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Northwestern University

Weinberg Faculty Awards 2009-2010

Mellons, Guggenheims, Sloans... Weinberg Faculty Bring Home Big Prizes

It's been a season of impressive honors for Weinberg faculty. As befitting a liberal arts college, their fields of study range from philosophy to chemistry to mathematics to classics to economics and beyond. While there are more awards worthy of mention than we have space to write about here, we'd like to especially take note of the following:

Election to the National Academy of Sciences

Northwestern University scientists Chad A. Mirkin, a world-renowned leader in nanotechnology research and its application, and Richard P. Van Duyne, the discoverer of surface-enhanced Raman spectroscopy, have been elected members of the prestigious National Academy of Sciences. Membership in the organization is one of the highest honors given to a scientist or engineer in the United States. Mirkin and Van Duyne are among 72 new members and 18 foreign associates from 14 countries recognized for their distinguished and continuing achievements in original research. (See full story on Mirkin.)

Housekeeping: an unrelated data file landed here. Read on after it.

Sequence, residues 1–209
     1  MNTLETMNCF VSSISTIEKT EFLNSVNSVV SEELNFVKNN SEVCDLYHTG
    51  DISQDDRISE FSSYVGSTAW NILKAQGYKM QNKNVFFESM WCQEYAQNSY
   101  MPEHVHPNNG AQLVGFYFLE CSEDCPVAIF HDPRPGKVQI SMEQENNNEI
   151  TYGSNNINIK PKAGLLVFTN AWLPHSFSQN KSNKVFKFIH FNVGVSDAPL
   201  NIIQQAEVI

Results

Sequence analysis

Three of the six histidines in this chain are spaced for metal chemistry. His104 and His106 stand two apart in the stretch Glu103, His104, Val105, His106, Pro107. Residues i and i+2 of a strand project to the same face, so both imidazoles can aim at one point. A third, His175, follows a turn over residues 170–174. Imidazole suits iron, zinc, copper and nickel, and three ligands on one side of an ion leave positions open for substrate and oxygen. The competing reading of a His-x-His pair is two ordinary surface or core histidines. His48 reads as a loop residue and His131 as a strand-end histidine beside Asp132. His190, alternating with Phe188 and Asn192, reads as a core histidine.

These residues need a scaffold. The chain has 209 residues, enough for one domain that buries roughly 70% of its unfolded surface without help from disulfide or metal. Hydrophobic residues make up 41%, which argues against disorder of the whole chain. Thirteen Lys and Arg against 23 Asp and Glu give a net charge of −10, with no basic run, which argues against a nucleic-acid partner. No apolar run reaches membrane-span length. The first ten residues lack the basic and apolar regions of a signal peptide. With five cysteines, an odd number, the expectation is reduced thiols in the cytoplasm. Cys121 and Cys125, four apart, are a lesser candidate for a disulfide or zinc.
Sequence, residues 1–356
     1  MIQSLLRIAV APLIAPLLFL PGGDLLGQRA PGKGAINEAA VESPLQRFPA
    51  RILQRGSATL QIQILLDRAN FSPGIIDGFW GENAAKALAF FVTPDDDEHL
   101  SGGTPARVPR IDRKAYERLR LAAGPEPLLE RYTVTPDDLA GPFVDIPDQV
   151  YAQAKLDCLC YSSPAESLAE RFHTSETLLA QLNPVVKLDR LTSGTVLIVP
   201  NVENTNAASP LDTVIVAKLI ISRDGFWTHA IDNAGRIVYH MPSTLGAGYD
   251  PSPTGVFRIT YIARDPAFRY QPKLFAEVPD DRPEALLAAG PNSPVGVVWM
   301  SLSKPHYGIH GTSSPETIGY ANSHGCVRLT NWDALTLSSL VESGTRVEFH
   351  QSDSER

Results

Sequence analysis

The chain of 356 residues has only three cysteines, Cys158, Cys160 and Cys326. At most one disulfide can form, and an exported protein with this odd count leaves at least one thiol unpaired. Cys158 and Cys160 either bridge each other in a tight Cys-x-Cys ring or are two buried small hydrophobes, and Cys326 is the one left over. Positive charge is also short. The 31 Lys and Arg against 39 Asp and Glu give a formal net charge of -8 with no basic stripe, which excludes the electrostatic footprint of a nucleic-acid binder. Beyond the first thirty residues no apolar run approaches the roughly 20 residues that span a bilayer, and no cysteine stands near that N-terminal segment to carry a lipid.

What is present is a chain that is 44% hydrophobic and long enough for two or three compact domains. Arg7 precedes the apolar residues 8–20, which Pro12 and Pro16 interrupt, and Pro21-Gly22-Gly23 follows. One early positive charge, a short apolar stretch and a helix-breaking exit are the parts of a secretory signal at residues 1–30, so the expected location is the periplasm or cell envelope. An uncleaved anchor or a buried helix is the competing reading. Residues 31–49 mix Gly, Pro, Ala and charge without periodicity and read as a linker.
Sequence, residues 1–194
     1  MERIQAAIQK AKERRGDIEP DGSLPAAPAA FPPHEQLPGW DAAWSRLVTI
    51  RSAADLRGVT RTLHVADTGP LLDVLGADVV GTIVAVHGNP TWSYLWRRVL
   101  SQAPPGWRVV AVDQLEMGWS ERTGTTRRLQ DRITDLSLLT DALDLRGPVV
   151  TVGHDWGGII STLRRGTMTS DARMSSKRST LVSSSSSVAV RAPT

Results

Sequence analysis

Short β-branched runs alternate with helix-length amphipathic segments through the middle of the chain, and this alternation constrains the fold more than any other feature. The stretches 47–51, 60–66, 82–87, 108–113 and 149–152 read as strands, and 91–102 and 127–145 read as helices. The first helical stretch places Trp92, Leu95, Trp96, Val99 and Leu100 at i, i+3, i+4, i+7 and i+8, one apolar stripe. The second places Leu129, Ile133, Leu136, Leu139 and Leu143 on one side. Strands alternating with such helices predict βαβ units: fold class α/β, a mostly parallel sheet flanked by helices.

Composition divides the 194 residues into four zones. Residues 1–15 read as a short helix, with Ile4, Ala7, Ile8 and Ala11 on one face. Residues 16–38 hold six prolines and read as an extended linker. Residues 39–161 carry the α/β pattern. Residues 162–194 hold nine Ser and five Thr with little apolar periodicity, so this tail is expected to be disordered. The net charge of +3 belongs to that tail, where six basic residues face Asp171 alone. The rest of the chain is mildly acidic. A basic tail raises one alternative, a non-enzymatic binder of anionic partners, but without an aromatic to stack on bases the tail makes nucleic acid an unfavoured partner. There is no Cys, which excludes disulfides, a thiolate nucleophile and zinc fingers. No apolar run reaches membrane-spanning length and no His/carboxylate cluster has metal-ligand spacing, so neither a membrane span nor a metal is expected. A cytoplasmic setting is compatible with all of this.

Election to the American Academy of Arts and Sciences

President Morton Schapiro and two of our faculty members have been elected fellows of the AAAS, one of the nation's oldest and most respected honorary societies. President Schapiro is an expert on the economics of higher education and has written five books and more than 100 articles on the topic. In addition to his duties as president, he is an active professor, teaching classes on the economics of education. David Ferster, professor of neurobiology and physiology, studies the visual cortex of the cat and how its neuronal circuitry processes information from the eye. His research has revealed how the mammalian cortex performs complex computations. John Hagan is known for scholarship on war crimes and human rights, notably for studies of genocide in Darfur and the Balkans. He was also honored with the Stockholm Prize in Criminology. He is the John D. MacArthur Professor of Sociology and Law, chair of sociology, and co-director of the Center on Law and Globalization at the American Bar Foundation in Chicago.

Alfred P. Sloan Research Fellows

Brian Odom, assistant professor of physics and astronomy, and Giorgio Primiceri, assistant professor of economics, are among 118 outstanding early career scientists, mathematicians and economists chosen as Sloan Research Fellows. The awards include a $50,000 grant for a two-year period. Odom's research group works on novel approaches to control molecular motion, and applications of this new technology range from particle physics to chemistry. Odom has also received a Packard Fellowship in Science and Engineering. Primiceri focuses on the postwar economic history of the United States and other developed countries, researching the causes and effects of the high inflation experience of the 1970s and the decline in the volatility of business cycles of the last 25 years.

Andrew W. Mellon Foundation Award